Well, agents are all looking for good stuff too—and I would hope that, increasingly, people have the imagination and gumption to look at all these new venues in search of writing. I know I look all over the place for writers for the Daily. (Our web site.) And writers getting their due is not a bad thing!

How often would you say an unagented story comes across your desk?

We read everything that comes in solicited and unsolicited. Does something from slush make it into the magazine often? Not a ton, but it does happen.

What advice do you have for people writing short stories?

The same advice I'd give any writer: read, constantly. Read everything. And write a lot. Learn to take criticism but know when to trust it. And remember: Philip Roth came in though the slush-pile.

What about for writers submitting short stories? How do writing and submission differ? Are there professional considerations that should be layered over the artistic considerations? Or is it only the artistic considerations that matter in the end?

Certainly a cogent and articulate cover letter makes a difference. A smart pitch (which is not the same as a gimmicky pitch) will get noticed. At the end of the day, the work speaks for itself. If we're talking about pitching to an agent, keep in mind that it is partly their job to think "commercially" and spot potential; the whole point is that that relationship should take some of the onus off you, when you find someone who you gibe with creatively.

What did you learn about the short story in our era from the stories these authors chose? From the stories you publish in the Paris Review?

I was surprised by how much more experimental the body of work was from an era we think of in a prescribed way. Many of these could and would be published today.

Say you had to write a state of the union address to the nation of short story writers—a state of the form address. What would you say?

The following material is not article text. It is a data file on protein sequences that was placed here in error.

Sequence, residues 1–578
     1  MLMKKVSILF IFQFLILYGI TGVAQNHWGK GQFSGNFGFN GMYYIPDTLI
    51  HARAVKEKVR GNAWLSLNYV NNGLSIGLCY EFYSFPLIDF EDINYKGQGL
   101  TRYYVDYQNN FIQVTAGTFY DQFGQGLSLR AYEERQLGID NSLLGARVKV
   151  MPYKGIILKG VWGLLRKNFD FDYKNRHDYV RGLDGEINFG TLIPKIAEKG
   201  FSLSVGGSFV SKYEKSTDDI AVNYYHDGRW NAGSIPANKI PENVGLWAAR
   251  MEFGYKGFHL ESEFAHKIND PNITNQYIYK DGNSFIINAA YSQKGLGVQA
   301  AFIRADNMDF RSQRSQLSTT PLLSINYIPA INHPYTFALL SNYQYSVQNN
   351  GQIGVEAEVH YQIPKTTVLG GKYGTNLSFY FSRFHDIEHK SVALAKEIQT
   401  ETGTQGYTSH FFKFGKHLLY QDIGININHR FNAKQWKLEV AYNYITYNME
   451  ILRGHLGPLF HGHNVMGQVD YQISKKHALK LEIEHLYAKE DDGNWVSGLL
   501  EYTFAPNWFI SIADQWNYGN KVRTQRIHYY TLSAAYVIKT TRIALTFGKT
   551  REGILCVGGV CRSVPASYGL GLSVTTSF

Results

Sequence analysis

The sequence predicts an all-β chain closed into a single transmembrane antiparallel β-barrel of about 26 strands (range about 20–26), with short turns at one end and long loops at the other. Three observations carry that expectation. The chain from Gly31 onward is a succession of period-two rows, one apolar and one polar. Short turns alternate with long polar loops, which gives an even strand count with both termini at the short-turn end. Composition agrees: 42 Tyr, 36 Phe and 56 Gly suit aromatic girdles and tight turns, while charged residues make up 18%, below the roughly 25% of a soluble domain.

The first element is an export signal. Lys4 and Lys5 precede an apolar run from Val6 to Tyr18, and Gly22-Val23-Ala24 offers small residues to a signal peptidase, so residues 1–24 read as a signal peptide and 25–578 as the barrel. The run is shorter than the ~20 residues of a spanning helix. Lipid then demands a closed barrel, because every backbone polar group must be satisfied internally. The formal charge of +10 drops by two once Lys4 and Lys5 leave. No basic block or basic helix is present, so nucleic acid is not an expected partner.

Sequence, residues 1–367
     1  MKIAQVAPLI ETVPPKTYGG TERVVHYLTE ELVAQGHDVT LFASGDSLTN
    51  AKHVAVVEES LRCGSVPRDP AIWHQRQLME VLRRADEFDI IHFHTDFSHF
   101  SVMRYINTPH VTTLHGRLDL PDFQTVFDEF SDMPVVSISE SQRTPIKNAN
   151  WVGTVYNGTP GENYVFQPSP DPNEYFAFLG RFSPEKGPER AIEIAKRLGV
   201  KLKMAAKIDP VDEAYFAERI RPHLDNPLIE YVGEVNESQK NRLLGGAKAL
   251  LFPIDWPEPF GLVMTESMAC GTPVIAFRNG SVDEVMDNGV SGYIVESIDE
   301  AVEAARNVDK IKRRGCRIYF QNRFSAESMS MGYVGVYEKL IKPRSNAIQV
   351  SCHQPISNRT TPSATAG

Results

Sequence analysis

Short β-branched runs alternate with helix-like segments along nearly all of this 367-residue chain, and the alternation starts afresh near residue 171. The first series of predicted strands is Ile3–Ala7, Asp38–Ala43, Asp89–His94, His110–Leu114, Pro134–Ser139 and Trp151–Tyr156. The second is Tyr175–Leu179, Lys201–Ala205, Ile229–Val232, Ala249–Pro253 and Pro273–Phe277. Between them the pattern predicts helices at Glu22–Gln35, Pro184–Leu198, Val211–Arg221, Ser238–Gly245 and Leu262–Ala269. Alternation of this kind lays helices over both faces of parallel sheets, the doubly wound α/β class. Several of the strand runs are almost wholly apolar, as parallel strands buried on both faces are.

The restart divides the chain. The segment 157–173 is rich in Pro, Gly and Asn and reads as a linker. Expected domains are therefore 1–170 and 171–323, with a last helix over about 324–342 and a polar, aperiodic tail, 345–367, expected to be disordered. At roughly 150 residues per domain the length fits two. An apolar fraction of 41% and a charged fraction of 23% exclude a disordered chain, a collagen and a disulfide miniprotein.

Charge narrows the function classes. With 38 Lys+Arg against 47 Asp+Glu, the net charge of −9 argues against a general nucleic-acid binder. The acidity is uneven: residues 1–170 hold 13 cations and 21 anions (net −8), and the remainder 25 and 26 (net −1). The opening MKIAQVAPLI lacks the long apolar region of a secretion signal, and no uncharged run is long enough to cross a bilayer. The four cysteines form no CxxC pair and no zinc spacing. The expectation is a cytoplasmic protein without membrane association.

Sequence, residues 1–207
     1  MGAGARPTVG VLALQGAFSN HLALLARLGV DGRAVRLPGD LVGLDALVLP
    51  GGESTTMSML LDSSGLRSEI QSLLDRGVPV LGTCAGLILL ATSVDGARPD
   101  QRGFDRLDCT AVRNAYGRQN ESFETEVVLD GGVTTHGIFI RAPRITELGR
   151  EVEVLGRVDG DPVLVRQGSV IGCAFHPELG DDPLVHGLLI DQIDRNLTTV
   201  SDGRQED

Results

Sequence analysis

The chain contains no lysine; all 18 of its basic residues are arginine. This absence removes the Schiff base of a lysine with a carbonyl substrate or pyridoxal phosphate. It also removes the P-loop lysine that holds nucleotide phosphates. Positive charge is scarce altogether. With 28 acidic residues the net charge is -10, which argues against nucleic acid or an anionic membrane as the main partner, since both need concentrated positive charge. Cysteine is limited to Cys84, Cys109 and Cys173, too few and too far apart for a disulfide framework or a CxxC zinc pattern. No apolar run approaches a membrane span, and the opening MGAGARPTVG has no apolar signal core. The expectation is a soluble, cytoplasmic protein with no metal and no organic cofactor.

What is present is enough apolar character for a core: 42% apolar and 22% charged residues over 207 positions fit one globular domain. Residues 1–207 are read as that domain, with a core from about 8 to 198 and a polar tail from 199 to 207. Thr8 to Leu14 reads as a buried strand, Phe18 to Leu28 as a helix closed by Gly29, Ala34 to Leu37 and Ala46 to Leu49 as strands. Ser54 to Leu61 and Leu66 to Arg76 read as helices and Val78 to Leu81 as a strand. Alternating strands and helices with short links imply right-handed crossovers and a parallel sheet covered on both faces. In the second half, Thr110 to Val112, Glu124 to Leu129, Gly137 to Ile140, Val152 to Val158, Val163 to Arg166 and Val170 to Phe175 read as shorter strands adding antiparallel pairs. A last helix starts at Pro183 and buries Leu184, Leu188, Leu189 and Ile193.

I'm optimistic. I actually think new technology could be a boon for the form. And more people are writing than ever. The reaction to this anthology has also been very encouraging.

So it's a good time to be reading. But is it a good time to be writing?

In some ways, yes: People are savvier, and there are more outlets. Yes, the landscape is grim in certain respects and, sure, very few people will get rich on literary fiction. But is the life of a writer ever easy? Of course not. That's not why anyone goes into this business.

Presented by

Joe Fassler is a writer based in Brooklyn. His fiction has appeared in The Boston Review, and he regularly interviews authors for The Lit Show. In 2011, his reporting for TheAtlantic.com was a finalist for a James Beard Foundation Award in Journalism.

Never Tell a Person How Old They Look

Age discrimination affects us all. Who cares about youth? James Hamblin turns to his colleague Jeffrey Goldberg for advice.

Join the Discussion

After you comment, click Post. If you’re not already logged in you will be asked to log in or register.

blog comments powered by Disqus

Video

Never Tell a Person How Old They Look

Age discrimination affects us all. James Hamblin turns to a colleague for advice.

Video

Would You Live in a Treehouse?

A treehouse can be an ideal office space, vacation rental, and way of reconnecting with your youth.

Video

Pittsburgh: 'Better Than You Thought'

How Steel City became a bikeable, walkable paradise

Video

A Four-Dimensional Tour of Boston

In this groundbreaking video, time moves at multiple speeds within a single frame.

Video

Who Made Pop Music So Repetitive? You Did.

If pop music is too homogenous, that's because listeners want it that way.

More in Entertainment

Just In